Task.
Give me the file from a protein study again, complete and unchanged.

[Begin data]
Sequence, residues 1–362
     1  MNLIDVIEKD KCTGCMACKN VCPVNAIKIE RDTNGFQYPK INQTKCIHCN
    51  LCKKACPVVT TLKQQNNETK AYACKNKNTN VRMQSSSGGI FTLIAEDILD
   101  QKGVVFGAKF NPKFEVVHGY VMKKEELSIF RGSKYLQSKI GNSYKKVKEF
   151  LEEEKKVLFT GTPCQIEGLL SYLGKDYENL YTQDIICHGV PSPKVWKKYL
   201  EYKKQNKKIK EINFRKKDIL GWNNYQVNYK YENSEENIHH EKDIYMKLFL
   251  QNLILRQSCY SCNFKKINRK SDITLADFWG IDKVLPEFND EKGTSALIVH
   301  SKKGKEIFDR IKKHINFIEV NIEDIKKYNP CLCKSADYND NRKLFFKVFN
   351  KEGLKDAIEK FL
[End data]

Sequence, residues 1–362
     1  MNLIDVIEKD KCTGCMACKN VCPVNAIKIE RDTNGFQYPK INQTKCIHCN
    51  LCKKACPVVT TLKQQNNETK AYACKNKNTN VRMQSSSGGI FTLIAEDILD
   101  QKGVVFGAKF NPKFEVVHGY VMKKEELSIF RGSKYLQSKI GNSYKKVKEF
   151  LEEEKKVLFT GTPCQIEGLL SYLGKDYENL YTQDIICHGV PSPKVWKKYL
   201  EYKKQNKKIK EINFRKKDIL GWNNYQVNYK YENSEENIHH EKDIYMKLFL
   251  QNLILRQSCY SCNFKKINRK SDITLADFWG IDKVLPEFND EKGTSALIVH
   301  SKKGKEIFDR IKKHINFIEV NIEDIKKYNP CLCKSADYND NRKLFFKVFN
   351  KEGLKDAIEK FL